Conflicts of Interest
"Researchers have a responsibility to manage conflicts of interest so that ambition and personal advantage do not compromise ethical or scholarly considerations”
Australian Code for the Responsible Conduct of Research, 2007, p. 1.4
Conflicts of interest in research are not uncommon. A conflict exists where an individual may preference, or be seen to preference, her or his own interests or obligations over their duties and responsibilities as a researcher. Conflicts of interest may be actual, potential or perceived and involve financial and non-financial benefits. There are a broad range of research-related activities that may give rise to a conflict of interest, including acting as a peer-reviewer, being a member of a board or selection panel, or holding an interest in a company that may benefit from research outcomes.
All researchers should expect to have a conflict of interest from time to time. For example, researchers may be asked to peer-review a colleagues work or provide consultancy for a company that also funds their research. The mere existence of a conflict does not imply wrongdoing and in some cases is unavoidable. However researchers have an obligation to acknowledge, declare and manage conflicts of interest in a transparent manner. This is because conflicts of interest may affect, or have the appearance of affecting, a researcher’s impartiality and judgement. Without proper declaration a conflict of interest may lead others to feel misled or deceived, which erodes confidence and trust in research.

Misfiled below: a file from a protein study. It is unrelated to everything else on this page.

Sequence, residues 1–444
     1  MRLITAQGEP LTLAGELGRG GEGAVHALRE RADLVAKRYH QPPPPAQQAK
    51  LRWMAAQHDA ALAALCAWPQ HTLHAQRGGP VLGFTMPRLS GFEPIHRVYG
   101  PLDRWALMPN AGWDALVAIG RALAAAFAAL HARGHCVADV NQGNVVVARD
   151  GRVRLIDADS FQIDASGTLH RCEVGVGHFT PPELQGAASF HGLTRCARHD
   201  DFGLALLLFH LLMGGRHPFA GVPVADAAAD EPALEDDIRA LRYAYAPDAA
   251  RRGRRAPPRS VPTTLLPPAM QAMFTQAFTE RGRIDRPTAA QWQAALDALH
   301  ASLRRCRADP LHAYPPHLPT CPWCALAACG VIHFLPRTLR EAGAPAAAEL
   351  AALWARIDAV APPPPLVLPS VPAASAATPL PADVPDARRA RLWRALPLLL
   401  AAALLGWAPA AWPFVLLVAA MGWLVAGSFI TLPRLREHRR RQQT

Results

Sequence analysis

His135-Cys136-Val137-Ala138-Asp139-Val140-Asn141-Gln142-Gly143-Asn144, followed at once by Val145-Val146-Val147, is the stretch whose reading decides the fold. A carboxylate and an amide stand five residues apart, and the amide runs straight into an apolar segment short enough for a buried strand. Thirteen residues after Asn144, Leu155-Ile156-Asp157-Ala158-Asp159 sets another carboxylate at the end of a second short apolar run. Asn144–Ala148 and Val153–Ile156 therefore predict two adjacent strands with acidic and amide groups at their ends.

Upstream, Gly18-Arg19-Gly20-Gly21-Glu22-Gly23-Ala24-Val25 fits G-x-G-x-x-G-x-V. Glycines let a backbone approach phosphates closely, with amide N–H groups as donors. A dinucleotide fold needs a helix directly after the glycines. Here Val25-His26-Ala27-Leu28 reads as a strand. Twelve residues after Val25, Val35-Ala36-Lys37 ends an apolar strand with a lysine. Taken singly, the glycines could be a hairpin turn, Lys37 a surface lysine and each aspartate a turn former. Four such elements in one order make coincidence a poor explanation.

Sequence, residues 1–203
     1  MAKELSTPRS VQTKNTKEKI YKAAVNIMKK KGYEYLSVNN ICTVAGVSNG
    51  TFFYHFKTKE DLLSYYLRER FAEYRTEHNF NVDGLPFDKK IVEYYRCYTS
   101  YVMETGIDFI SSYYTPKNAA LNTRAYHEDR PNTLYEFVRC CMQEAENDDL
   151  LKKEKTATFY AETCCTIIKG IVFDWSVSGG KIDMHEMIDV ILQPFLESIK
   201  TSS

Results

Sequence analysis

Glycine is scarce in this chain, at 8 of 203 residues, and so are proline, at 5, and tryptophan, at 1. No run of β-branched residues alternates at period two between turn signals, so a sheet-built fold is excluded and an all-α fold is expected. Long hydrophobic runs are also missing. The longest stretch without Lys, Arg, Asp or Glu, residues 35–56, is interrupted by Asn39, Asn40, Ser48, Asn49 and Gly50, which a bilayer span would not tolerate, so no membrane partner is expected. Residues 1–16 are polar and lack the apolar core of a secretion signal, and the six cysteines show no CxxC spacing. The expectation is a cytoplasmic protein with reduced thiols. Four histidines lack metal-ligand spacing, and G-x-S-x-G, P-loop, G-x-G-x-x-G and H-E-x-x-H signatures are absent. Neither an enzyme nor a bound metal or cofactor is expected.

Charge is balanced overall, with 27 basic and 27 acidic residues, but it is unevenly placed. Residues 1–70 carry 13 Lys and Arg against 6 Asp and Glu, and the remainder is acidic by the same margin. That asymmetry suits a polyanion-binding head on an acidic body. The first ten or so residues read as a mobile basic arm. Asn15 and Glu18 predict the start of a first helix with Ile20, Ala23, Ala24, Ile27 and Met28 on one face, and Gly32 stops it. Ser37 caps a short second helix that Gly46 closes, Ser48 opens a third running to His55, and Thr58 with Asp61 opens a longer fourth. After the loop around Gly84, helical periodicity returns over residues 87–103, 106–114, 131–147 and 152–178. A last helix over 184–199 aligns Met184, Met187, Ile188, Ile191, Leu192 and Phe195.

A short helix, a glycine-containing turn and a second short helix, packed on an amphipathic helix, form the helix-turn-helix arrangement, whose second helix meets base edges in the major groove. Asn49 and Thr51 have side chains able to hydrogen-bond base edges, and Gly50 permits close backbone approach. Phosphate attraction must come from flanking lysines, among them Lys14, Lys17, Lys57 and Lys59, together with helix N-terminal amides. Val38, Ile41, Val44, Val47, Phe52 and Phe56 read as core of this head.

The responsibility for managing and declaring conflicts of interest rests, in the first instance, with the individual. The University’s policies related to the responsible conduct of research and conflicts of interest require researchers to acknowledge, declare and monitor conflicts of interest. Relevant forms must be lodged with the University. Researchers must also fully declare relevant conflicts of interest wherever required by outside organisations, such as in applications for funding, in publications and presentations and in submissions to research ethics committees.
Conflicts of Interest and Commitment (US Office of Research Integrity)
Financial Conflict of Interest (Mandatory tutorial for researchers applying for NIH funding)